The ottoman, yes.
I chose a natural color cotton fabric.  Lighter than the drop cloths I've people people use for curtains lately, and I could buy as much as I needed with my 50% off fabric coupon at Joann. I think I spent all of $17 on the fabric.
I added some sage green burlap from my stash to the bottoms of the curtains.  It helped add length and a little color.  While I was at it I made "tie backs" by folding and stitching a length of burlap.  Here's a close up:
You have to get really close to see the stitching.  
A zig zag works best when sewing burlap, I think.
Remember the "curtain rods" themselves?  Drapery hooks.  I found some plastic coiled tubing in hubby's toolbox that I used to bridge the gap for the curtain casing.
It worked great!
The drapery hooks worked out nicely for those tiny spaces at the outer edges of the windows.  It's hard to get good lighting in here to show the whole thing!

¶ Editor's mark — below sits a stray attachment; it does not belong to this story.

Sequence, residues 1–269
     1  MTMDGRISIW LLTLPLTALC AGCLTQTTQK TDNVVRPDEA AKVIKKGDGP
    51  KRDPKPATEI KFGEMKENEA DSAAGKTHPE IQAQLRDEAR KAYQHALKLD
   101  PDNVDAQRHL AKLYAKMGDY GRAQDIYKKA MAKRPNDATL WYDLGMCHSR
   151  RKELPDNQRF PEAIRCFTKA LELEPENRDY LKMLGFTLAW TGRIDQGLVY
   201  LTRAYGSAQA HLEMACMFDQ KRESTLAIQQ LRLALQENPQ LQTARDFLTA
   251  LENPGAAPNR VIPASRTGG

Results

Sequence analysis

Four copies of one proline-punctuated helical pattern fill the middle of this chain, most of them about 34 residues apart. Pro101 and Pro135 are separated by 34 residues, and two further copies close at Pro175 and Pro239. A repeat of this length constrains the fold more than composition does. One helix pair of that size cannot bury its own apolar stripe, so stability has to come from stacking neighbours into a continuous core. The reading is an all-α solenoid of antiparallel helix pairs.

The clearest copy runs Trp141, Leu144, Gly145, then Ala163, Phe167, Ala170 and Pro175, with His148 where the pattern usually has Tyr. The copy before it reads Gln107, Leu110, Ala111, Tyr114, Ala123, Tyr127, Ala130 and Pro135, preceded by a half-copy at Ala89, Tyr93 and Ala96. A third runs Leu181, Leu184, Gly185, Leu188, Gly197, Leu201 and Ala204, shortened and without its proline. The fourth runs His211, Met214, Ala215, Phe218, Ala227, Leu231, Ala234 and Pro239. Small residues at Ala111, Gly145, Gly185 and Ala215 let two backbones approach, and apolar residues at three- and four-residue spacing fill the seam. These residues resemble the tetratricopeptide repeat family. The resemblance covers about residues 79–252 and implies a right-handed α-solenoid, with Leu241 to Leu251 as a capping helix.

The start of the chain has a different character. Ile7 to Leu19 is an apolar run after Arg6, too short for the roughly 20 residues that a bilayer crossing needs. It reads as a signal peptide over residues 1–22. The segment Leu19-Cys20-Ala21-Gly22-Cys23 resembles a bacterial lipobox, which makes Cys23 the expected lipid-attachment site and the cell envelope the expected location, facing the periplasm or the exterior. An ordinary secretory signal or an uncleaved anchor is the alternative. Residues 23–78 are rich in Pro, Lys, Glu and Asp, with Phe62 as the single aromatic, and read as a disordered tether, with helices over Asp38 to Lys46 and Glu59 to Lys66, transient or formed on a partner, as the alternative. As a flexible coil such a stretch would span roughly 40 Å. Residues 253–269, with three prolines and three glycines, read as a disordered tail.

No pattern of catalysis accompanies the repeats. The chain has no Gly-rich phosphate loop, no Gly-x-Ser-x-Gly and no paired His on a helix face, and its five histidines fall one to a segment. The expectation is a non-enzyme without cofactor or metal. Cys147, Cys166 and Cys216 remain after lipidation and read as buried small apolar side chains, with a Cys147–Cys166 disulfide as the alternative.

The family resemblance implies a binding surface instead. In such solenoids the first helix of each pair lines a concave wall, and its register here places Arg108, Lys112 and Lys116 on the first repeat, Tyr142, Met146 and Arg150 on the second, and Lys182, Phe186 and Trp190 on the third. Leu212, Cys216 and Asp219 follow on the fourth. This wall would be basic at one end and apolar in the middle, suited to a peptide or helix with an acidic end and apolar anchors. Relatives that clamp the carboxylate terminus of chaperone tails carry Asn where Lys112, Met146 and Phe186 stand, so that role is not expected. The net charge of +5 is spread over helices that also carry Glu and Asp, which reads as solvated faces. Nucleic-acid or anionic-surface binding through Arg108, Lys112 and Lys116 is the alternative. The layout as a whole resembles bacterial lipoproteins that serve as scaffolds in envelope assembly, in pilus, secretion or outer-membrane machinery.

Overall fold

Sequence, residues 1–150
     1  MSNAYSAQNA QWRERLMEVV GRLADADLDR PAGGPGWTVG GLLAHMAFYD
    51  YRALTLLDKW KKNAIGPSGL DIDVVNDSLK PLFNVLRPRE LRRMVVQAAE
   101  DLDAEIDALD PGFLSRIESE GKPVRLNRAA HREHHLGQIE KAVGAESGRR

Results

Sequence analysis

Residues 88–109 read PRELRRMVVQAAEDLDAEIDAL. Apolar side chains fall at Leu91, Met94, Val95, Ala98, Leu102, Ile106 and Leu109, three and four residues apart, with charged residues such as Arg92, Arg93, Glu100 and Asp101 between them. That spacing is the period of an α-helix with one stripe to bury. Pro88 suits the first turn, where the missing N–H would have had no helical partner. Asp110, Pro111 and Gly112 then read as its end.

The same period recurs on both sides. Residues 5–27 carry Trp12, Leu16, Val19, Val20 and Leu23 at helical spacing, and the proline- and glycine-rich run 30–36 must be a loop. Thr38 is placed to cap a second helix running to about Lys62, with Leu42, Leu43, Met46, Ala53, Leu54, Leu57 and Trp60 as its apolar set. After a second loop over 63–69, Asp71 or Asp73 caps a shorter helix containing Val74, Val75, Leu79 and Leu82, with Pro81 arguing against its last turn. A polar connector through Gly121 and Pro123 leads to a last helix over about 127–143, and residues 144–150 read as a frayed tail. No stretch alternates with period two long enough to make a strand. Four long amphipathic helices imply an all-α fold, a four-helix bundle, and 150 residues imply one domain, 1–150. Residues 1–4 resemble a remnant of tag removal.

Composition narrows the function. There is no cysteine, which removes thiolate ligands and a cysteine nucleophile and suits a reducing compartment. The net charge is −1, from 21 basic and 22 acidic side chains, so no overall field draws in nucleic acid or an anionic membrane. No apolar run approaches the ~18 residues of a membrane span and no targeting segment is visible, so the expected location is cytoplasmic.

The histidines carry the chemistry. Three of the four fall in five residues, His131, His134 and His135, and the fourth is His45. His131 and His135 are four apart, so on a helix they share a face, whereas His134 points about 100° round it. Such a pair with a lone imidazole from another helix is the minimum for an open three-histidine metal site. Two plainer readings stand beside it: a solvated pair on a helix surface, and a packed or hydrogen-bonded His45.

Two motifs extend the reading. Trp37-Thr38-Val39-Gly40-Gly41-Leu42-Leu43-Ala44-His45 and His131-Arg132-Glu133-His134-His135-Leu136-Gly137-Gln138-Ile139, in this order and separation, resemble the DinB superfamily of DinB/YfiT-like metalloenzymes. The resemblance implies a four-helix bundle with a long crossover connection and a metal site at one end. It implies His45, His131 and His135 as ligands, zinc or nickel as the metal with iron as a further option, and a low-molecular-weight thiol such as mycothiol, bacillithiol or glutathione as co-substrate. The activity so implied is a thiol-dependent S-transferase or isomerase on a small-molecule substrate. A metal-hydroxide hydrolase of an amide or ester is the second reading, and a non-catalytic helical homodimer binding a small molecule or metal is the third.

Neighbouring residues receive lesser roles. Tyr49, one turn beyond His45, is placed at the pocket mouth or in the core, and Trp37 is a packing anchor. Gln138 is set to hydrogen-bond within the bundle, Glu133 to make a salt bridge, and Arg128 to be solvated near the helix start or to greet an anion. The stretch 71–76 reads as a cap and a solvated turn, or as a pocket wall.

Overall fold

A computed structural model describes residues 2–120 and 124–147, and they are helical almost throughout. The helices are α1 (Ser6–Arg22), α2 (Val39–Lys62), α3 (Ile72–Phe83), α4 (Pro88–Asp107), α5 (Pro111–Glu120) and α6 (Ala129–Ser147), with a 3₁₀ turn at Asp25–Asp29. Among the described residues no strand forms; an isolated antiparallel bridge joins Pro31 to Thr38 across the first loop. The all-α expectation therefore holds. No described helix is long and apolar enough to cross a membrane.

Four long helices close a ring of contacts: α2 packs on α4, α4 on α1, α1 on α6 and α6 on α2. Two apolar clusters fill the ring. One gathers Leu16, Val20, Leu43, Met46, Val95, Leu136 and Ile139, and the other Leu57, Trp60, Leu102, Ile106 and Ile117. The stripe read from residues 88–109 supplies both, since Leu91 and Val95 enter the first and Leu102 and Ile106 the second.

All in all, I am pleased with it, but just as pleased to have it done, finally.  Now to add a room size rug to this room and figure out what to do about that coffee table.  
Progress is slow...


Wednesday, June 27, 2012

Crockpot carmelized onions

I got this idea from my mother, who regularly makes these onions in her crockpot, then enjoys them on cold sandwiches or with her dinner.  She likes to use whole onions.  I decided to slice this batch to make them easier to serve.  Here's what I used:
Start with about 3 pounds of sweet onions.  These are from Central Market and are called Texas Sweet, very similar to Vidalias.